Did you know that Earth has two North Poles? There's the geographic North Pole, which never changes. And there's the magnetic North Pole, which is always on the move. And right now it's moving faster than usual.
Over the past 150 years, the magnetic North Pole has casually wandered 685 miles across northern Canada. But right now it's racing 25 miles a year to the northwest.
This could be a sign that we're about to experience something humans have never seen before: a magnetic polar flip. And when this happens, it could affect much more than just your compass.
Shortly after the first geomagnetic polarity time scales were produced, scientists began exploring the possibility that reversals could be linked to extinctions. Most such proposals rest on the assumption that the Earth's magnetic field would be much weaker during reversals. Possibly the first such hypothesis was that high energy particles trapped in the Van Allen radiation belt could be liberated and bombard the Earth. Detailed calculations confirm that if the Earth's dipole field disappeared entirely (leaving the quadrupole and higher components), most of the atmosphere would become accessible to high energy particles, but would act as a barrier to them, and cosmic ray collisions would produce secondary radiation of beryllium-10 or chlorine-36. An increase of beryllium-10 was noted in a 2012 German study showing a peak of beryllium-10 in Greenland ice cores during a brief complete reversal 41,000 years ago which led to the magnetic field strength dropping to an estimated 5% of normal during the reversal. There is evidence that this occurs both during secular variation and during reversals.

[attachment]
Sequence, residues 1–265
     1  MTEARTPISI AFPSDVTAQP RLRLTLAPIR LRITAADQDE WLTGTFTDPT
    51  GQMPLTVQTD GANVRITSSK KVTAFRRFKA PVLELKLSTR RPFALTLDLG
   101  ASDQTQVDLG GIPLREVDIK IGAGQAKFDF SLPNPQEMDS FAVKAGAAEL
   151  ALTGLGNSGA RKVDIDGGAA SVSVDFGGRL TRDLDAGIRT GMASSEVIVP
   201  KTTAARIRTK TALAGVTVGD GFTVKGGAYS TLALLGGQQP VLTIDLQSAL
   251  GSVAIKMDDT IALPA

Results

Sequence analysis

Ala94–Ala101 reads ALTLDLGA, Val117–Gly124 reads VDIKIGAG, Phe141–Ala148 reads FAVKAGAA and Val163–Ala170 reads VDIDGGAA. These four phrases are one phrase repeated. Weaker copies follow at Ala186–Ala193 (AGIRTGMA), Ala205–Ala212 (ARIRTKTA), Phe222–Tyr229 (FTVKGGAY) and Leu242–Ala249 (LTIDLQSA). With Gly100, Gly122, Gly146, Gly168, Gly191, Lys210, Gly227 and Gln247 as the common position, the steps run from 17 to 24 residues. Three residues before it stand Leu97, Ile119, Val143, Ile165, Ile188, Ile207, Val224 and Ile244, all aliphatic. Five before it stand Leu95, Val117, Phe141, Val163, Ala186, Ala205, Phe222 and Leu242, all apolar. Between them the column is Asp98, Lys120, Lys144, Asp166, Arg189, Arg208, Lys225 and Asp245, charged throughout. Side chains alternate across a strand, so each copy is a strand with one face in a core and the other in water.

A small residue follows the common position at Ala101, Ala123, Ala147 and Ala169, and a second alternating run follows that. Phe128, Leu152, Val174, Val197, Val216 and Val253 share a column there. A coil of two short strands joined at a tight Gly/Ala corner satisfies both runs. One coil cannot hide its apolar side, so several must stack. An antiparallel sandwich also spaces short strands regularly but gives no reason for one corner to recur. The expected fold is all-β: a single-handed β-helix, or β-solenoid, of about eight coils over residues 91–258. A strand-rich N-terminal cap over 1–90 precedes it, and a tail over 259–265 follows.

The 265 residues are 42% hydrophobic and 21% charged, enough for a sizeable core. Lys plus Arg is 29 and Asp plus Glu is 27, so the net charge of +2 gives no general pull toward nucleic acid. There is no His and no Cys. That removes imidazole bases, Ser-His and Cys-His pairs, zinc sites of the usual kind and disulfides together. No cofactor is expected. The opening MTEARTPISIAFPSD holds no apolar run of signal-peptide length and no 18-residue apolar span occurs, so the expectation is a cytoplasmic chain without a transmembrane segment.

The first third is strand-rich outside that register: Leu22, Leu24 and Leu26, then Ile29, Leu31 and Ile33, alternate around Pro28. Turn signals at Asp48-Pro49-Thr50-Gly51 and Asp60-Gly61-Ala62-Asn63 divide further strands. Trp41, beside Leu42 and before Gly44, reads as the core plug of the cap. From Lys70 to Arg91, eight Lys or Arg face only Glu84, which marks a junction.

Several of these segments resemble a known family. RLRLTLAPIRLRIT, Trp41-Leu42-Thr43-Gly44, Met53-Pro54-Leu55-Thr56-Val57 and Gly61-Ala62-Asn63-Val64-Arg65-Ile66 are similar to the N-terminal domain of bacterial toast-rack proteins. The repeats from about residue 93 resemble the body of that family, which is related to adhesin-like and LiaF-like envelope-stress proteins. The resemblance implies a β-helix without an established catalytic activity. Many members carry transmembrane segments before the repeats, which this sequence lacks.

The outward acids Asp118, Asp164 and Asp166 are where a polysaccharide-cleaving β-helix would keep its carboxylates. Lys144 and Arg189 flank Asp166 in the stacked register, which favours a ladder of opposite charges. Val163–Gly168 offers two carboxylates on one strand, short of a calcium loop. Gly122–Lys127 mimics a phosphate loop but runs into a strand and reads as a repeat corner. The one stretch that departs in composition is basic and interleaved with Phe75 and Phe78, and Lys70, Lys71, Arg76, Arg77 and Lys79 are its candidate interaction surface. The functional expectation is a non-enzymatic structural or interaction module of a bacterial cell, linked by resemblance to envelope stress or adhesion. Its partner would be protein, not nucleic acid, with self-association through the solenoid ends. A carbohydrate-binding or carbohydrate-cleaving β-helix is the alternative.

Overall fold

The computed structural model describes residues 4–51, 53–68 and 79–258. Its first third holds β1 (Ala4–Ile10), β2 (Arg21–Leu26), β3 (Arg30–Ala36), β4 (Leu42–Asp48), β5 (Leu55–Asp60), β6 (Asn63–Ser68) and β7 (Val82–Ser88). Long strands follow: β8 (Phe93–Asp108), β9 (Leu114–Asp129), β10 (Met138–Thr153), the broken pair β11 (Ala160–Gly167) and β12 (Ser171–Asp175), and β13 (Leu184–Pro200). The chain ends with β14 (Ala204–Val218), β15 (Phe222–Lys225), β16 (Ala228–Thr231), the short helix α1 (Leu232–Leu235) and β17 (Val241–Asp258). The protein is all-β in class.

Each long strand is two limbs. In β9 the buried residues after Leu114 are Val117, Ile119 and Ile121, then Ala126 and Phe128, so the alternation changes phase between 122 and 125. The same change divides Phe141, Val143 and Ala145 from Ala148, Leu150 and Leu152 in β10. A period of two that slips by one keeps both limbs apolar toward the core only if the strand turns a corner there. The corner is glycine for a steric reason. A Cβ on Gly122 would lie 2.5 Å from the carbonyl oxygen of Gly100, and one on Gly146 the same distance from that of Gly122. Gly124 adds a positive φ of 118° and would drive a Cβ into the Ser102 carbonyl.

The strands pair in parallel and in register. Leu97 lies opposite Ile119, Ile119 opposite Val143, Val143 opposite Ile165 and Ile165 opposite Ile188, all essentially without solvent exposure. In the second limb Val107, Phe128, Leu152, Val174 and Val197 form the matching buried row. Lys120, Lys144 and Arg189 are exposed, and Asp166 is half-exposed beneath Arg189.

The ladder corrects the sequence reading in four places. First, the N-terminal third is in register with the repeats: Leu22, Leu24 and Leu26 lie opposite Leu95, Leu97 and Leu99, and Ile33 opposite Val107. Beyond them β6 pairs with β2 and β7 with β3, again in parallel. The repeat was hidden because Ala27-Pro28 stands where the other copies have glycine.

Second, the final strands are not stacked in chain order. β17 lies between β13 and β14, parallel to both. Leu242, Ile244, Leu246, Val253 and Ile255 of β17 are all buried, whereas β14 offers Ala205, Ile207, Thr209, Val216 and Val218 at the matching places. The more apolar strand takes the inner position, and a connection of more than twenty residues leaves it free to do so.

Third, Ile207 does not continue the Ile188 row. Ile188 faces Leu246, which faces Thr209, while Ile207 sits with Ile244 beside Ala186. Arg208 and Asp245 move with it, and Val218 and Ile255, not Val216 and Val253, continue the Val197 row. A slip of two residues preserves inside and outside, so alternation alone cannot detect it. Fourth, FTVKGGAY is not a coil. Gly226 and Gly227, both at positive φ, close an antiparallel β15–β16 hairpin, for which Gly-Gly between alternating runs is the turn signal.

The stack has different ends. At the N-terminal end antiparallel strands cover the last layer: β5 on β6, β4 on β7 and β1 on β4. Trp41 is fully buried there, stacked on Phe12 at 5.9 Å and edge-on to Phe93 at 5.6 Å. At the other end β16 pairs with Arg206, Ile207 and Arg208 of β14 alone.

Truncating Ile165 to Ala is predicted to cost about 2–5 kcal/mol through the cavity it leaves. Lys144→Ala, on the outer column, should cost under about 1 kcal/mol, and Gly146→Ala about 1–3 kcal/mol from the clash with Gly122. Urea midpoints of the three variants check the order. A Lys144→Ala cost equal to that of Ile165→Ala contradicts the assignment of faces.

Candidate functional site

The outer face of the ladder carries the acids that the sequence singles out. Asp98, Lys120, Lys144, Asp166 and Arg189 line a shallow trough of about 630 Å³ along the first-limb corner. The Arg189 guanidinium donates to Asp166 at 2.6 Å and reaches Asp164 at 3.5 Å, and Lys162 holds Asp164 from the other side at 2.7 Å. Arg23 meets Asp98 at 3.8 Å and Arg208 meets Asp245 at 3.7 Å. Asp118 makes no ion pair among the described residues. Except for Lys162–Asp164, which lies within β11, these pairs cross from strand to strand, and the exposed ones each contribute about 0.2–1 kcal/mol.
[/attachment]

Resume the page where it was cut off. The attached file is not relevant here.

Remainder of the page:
Another hypothesis by McCormac and Evans assumes that the Earth's field disappears entirely during reversals. They argue that the atmosphere of Mars may have been eroded away by the solar wind because it had no magnetic field to protect it. They predict that ions would be stripped away from Earth's atmosphere above 100 km. However, paleointensity measurements show that the magnetic field has not disappeared during reversals. Based on paleointensity data for the last 800,000 years, the magnetopause is still estimated to have been at about three Earth radii during the Brunhes-Matuyama reversal. Even if the internal magnetic field did disappear, the solar wind can induce a magnetic field in the Earth's ionosphere sufficient to shield the surface from energetic particles.
Hypotheses have also advanced toward linking reversals to mass extinctions. Many such arguments were based on an apparent periodicity in the rate of reversals, but more careful analyses show that the reversal record is not periodic. It may be, however, that the ends of superchrons have caused vigorous convection leading to widespread volcanism, and that the subsequent airborne ash caused extinctions.
Tests of correlations between extinctions and reversals are difficult for a number of reasons. Larger animals are too scarce in the fossil record for good statistics, so paleontologists have analyzed microfossil extinctions. Even microfossil data can be unreliable if there are hiatuses in the fossil record. It can appear that the extinction occurs at the end of a polarity interval when the rest of that polarity interval was simply eroded away. Statistical analysis shows no evidence for a correlation between reversals and extinctions.
This cannot be undone and I am sure it will be greatly appreciated.
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